Sumatra breaks my heart, over and over again. But still I go back.
For years, I’ve been drawn to this special place, a tropical island on the equator so teeming with life that science has only begun to catalog its secrets. Jungles so dense that they have greater plant diversity than the Amazon. The only place on the planet where rhinos, tigers, orangutans and elephants all co-exist.
In the last 30 years, the Indonesian island of Sumatra has lost more than half of this spectacular forest cover to development and clearing—at one of the highest rates of deforestation in the world. The forests growing on its peatlands, deep with carbon, have been cut down at such a rate that in some years, Sumatra releases more greenhouse gases just from deforestation than the industrial emissions of the entire country of The Netherlands. Think about that.
And the haze from annual fires deliberately set to clear forests for planting is on such a scale that it has become an international embarrassment, with the nearby government of Singapore this year taking legal action against Indonesian business operators connected to the suffocating haze that shuts down the airport in Singapore at times and forces school cancellations due to dangerous air quality.
The key drivers of Sumatra’s tropical forest degradation, as in other parts of the world, are unsustainable logging and uncontrolled fires. But I have hope for this place. How can I not when the stakes are so high? Four of the species of highest concern to World Wildlife Fund (WWF) live here, and all four are critically endangered: Sumatran elephants, tigers, orangutans and rhinos.
Amidst all the deforestation, the illegal palm oil development and the slash-and-burn clearing, there remain pockets of healthy forest in Sumatra. Thirty Hills, or Bukit Tigapuluh, in central Sumatra is one of them. It’s a rainforest straight out of central casting: cloudy up in the canopies, massive trees called dipterocarps whose roots dwarf the tallest man, exotic tropical birds and insects.
It was in Thirty Hills that a small group of conservationists decided we would – must – try something different. And so WWF and our partners, the Frankfurt Zoological Society and The Orangutan Project, are embarking on a novel project that puts us more in control of the fate of a piece of the spectacular, lush rain forests that once gave Indonesia the nickname “Emerald of the Equator.” The project makes us land managers of 100,000 acres of tropical forest here, operating a forest concession for the benefit of the wildlife and people who live there.
The reason Thirty Hills has been protected as long as it has been is that it’s hilly, as the name suggests, and harder to clear, so it’s been less desirable for both commercial companies as well as illegal loggers. But as forest disappears around it, once-off limits Thirty Hills has increasingly become a target for land clearing.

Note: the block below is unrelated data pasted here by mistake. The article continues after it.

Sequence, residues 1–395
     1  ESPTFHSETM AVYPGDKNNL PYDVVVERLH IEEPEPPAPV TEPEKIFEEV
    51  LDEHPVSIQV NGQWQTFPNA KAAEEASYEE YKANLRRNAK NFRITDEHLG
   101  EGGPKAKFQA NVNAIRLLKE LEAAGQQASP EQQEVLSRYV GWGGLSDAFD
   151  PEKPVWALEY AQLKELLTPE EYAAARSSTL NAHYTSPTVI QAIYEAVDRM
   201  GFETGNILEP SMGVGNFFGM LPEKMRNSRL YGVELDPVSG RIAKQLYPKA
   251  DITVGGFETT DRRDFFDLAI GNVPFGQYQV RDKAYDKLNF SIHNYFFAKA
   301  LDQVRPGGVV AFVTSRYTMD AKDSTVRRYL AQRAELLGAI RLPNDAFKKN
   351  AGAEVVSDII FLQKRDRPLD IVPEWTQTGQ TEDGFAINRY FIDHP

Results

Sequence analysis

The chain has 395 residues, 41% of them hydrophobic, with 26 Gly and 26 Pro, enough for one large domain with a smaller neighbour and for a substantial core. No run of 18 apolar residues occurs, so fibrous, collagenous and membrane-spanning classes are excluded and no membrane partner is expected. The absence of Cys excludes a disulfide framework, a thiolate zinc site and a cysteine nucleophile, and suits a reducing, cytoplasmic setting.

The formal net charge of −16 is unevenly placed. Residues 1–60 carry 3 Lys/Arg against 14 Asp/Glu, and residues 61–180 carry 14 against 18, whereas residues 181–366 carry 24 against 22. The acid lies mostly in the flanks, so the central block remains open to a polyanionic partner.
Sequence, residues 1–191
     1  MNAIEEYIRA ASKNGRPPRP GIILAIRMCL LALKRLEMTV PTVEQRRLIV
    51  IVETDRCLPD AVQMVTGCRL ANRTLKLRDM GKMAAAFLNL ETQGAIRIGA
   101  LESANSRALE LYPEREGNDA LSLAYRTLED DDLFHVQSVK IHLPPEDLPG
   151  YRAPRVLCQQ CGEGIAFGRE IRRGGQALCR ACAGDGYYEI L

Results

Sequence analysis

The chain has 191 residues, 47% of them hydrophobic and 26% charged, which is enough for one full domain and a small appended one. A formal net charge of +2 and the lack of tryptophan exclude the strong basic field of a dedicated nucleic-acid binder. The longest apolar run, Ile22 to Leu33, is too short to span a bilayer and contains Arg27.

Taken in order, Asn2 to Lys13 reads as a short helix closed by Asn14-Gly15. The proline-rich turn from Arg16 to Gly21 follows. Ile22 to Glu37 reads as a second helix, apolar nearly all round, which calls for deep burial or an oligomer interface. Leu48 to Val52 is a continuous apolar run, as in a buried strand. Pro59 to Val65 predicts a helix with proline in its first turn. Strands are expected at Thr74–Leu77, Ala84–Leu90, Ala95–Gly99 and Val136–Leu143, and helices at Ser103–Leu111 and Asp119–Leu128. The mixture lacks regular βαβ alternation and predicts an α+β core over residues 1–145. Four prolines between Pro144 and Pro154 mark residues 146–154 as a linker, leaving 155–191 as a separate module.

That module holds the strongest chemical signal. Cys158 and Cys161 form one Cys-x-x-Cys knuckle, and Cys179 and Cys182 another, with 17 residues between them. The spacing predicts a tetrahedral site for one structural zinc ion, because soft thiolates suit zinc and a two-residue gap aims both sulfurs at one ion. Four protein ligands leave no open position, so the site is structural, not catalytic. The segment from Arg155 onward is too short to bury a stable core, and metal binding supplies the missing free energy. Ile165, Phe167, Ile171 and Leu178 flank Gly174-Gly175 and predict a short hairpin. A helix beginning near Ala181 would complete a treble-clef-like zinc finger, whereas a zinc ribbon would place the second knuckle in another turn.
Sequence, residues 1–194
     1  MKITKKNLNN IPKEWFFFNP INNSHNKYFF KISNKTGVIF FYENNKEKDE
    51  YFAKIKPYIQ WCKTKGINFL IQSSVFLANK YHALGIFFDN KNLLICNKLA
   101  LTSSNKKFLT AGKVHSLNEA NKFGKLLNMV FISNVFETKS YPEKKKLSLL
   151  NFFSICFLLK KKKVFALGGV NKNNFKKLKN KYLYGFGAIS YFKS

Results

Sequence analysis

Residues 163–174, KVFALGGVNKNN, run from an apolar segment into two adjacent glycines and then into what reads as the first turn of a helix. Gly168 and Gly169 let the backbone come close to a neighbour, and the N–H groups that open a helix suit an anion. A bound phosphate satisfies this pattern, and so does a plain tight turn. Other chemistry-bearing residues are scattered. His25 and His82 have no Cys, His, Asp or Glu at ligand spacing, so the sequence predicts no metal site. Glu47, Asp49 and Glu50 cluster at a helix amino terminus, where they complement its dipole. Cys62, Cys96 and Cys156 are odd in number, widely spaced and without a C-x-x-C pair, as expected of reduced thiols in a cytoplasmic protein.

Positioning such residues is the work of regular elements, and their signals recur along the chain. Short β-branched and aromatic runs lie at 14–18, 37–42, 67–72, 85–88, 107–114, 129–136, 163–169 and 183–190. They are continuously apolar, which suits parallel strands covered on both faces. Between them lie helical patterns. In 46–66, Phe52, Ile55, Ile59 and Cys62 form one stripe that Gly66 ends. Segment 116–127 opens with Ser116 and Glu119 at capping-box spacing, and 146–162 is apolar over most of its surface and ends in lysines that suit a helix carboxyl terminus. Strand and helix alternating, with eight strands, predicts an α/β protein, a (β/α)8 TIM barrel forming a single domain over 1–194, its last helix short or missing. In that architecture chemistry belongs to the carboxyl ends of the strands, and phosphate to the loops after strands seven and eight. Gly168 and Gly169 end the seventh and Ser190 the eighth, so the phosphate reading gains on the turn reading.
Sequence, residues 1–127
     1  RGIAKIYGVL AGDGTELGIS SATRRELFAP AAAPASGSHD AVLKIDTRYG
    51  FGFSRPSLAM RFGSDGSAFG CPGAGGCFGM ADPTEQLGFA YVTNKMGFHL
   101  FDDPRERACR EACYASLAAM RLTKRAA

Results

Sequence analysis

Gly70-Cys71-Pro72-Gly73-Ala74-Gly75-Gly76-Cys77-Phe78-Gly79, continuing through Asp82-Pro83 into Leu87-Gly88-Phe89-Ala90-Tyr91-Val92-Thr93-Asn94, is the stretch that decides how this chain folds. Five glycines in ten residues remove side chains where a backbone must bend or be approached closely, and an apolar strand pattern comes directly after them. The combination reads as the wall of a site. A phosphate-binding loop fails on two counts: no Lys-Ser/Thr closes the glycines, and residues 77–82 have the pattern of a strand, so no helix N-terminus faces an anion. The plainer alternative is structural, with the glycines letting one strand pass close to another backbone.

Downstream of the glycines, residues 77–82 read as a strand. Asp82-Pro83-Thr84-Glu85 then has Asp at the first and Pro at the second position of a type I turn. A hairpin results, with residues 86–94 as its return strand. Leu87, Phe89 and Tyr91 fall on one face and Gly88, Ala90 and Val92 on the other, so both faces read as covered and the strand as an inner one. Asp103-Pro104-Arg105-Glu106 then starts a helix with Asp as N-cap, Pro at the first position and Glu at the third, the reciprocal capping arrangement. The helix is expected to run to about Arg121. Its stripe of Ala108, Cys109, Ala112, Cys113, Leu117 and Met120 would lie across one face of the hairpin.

And as the forest disappears elsewhere in Sumatra, more and more wildlife is moving into Thirty Hills. It’s a place where Sumatran elephants are still able to find forest. Same with tigers and a total of 59 species of mammals and hundreds of bird species. And because it’s becoming a refuge as Sumatra’s forest cover elsewhere thins, it’s becoming even more important for wildlife. That also creates its own problems, as increased wildlife density brings wildlife into closer contact, and conflict, with local communities living in Thirty Hills.
From 1970 to 2012, there was a 58 percent overall decline in vertebrate population sizes globally, according to WWF’s 2016 Living Planet Report. This is a dramatic change even from the 2014 report, which saw a 52 percent overall decline in populations. Sumatra embodies this statistic. When there is competition for land between people and animals, wildlife is always the loser.
In Thirty Hills, WWF is working to make the neighbors our partners, from the indigenous nomads living inside the forest to the mega rubber and pulp companies managing adjacent concessions. That includes setting up joint patrols to monitor the elephants as they move through the whole landscape, mapping land use across the forest collaboratively with the indigenous tribes and neighboring villages, and sharing intelligence on illegal activity with the other concession holders.
As so many other pristine landscapes have been lost to deforestation, it's easy to become defeatist. But Thirty Hills and the wildlife clinging to survival there can be saved. And this new economic and conservation model -- with indigenous people, conservationists and multinational corporations working together to prove that commerce and conservation don't have to be at odds -- can provide a path for a new conservation approach that goes beyond the stunning forests of Sumatra.